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    Snapdeal's Kunal Bahl on how entrepreneurs can build a business

    Snapdeal's Kunal Bahl on how entrepreneurs can build a business

    Snapdeal's Kunal Bahl on how entrepreneurs can build a business
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    By CNBC-TV18  IST (Updated)

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    Starting a business is one of the most challenging and rewarding things you’ll ever do. The process is simpler than you might imagine, but to try to boil it down to five or 10 steps may seem implausible at first.

    Starting a business is one of the most challenging and rewarding things you’ll ever do. The process is simpler than you might imagine, but to try to boil it down to five or 10 steps may seem implausible at first.
    Kunal Bahl, the co-founder and CEO of the e-commerce platform Snapdeal, has shared some experiences which may benefit entrepreneurs as they go about building their businesses:
    Value vs Valuation
    Private companies need to get value obsessed not valuation obsessed: That's the view coming in from Bahl, who co-founded Snapdeal along with his school friend Rohit Bansal.
    "We have seen the pain and disappointment faced by the hottest consumer tech startups after they go public because the valuation when they are private tends to depart from their value," wrote Bahl in a LinkedIn post dated July 16.
    According to Bahl, value is driven by revenues and economics whereas valuation is driven usually by a vanity metric that may have a far lower correlation with the true progress being made by the company.
    "Private market investors are usually ok with replacing value with valuation, given their downside is protected by the preference shares that they hold. However, once companies go public, the valuation converges to the value of the business, given there is no preferential instrument in the hands of the investors that protect their downside," Bahl said in the post.
    Boring Can Be Good
    When people ask Bahl what's next for Snapdeal, he usually gives the same boring answer - more of the same.
    "I can see in their eyes that the answer underwhelms them," admitted Bahl.
    "However, excellence only comes with repetition of what is working for a reasonable period of time. Building a company the old-fashioned way, basis real revenue and good economics is not front-page news, but it sure beats constant fundraising and not being in control of your destiny."
    Volatility Is A Part Of Building A Business
    Bahl, who was ranked 25 on Fortune 40 under 40 Most Influential Business Leader list 2014, believes when you are building a business, you are bound to see volatility.
    "There will be periods your business will grow fast and then periods when you will be scratching your head on why things have slowed down or how to get to the next orbit of scale. Here's the good news: it is completely normal," Bahl.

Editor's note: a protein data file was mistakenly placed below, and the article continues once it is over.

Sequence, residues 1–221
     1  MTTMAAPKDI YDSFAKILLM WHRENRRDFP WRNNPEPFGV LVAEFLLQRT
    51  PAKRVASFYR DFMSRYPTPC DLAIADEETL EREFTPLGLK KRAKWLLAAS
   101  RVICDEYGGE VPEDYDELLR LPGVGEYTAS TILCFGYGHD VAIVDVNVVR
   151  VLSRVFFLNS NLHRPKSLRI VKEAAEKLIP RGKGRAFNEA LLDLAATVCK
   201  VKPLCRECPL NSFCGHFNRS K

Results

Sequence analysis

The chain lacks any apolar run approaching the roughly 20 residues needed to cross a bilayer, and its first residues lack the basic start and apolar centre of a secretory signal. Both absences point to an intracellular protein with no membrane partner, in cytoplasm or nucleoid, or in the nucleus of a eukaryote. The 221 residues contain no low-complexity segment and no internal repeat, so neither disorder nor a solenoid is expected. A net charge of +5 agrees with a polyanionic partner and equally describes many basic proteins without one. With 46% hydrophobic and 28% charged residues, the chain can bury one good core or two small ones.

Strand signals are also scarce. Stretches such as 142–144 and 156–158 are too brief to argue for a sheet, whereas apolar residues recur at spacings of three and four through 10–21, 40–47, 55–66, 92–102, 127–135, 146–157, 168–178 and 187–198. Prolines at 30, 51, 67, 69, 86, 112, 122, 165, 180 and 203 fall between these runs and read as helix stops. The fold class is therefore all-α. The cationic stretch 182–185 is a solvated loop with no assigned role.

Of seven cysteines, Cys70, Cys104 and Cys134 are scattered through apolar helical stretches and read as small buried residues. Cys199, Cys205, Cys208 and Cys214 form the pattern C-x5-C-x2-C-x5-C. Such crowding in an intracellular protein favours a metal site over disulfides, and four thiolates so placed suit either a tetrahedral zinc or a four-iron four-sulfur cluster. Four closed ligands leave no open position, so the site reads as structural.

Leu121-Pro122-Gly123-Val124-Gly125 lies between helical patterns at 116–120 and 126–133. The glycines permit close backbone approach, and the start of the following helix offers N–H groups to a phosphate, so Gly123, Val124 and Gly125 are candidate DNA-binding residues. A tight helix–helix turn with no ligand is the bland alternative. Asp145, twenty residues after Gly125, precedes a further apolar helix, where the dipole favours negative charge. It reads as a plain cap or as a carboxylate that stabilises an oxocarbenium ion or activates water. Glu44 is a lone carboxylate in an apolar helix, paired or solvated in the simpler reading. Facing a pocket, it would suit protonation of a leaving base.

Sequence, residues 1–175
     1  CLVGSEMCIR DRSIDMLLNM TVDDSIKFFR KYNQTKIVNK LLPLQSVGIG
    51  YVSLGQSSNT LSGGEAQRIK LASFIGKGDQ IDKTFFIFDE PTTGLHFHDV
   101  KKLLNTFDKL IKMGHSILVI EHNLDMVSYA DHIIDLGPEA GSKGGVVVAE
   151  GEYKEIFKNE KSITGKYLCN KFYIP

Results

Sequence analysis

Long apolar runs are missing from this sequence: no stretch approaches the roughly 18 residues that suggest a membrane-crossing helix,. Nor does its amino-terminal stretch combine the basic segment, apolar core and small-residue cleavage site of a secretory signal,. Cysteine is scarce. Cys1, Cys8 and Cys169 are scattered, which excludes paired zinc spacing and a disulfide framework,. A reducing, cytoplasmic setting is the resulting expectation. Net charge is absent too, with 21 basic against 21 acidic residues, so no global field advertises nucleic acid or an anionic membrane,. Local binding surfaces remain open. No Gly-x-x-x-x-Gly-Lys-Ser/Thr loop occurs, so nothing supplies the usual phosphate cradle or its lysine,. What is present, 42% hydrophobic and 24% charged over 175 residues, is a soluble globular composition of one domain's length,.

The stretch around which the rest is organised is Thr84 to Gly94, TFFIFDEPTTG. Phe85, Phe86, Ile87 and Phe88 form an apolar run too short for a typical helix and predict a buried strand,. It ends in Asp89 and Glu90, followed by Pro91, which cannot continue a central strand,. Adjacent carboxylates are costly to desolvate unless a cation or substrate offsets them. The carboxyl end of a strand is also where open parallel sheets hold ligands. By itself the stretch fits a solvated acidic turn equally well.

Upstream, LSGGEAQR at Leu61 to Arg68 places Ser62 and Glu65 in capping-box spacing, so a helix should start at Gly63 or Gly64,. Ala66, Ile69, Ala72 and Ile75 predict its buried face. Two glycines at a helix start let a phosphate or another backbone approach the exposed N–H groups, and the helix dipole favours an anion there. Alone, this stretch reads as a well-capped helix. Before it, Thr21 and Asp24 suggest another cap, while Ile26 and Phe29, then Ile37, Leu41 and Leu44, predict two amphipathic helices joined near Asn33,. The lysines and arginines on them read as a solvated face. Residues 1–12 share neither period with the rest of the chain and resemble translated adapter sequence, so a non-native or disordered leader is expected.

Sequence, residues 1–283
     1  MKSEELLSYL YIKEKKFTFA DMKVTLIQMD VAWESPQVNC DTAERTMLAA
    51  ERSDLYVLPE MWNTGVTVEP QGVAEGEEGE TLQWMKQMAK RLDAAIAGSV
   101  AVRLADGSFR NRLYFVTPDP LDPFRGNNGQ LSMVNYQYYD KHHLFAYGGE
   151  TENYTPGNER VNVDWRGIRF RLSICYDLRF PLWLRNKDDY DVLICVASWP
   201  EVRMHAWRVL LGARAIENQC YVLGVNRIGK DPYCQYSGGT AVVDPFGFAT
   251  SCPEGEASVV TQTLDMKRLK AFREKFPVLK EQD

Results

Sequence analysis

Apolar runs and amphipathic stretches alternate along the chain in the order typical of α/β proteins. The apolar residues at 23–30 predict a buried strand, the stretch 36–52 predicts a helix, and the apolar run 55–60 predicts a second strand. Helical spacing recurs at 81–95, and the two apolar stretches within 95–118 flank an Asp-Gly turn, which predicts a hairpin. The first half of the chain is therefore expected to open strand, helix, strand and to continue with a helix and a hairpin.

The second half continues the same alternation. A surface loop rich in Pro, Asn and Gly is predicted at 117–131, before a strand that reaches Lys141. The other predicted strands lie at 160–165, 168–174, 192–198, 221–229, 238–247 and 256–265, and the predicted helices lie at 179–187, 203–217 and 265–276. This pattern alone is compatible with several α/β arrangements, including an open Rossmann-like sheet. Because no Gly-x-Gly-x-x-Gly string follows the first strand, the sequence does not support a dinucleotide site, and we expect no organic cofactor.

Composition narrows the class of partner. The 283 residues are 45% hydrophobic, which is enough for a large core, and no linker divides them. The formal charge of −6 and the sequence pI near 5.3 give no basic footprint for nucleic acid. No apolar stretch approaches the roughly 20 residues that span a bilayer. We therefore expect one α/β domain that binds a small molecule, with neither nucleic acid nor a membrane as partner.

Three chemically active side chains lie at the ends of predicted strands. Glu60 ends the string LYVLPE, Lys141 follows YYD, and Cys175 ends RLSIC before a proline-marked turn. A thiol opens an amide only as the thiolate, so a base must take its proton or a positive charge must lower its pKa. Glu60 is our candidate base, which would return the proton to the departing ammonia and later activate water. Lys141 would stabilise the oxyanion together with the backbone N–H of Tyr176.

The Gurugram-based online marketplace, Snapdeal has been on a roller-coaster ride. From a valuation of $6.5 billion to backing by global investors and employing 10,000 at its peak, the Kunal Bahl and Rohit Bansal-led entity has seen it all.
    However, the company founders claim to be finally getting its groove back. Thanks to the plan they’d put in place in 2017, when talks for a sale to Flipkart fell flat.
    Less Is More
    According to Bahl, there is tremendous value in having small boards that are aligned with the company's strategy and focus.
    "It is important to think of each board member as a specialist in something, who you would turn to particularly when you need assistance in the area of their specialisation," wrote Bahl.
    He said the specialisation could be in marketing, product, people management, governance, fundraising/M&A, or anything else.
    "Good board members are more guides and less teachers," said Bahl.
    A Good Thing Is A Good Thing
    Finally, a word on corporate governance, an area that is less spoken about in the startup industry but merits significant attention.
    "One of the practices we instituted about 5 years ago was of quarterly audits by a Big 4 auditor. In the beginning, it was onerous and seemingly unnecessary to get the business audited every quarter when all any private company needs is a statutory annual audit. But the advice we received was that it will minimise surprises at the end of the year especially in a high transaction velocity business," wrote Bahl.
    Taking Snapdeal's example, Bahl said their firm completes the annual audit within a few weeks of the end of the financial year and is the first company in the private tech ecosystem in India to file its audited annual financials.
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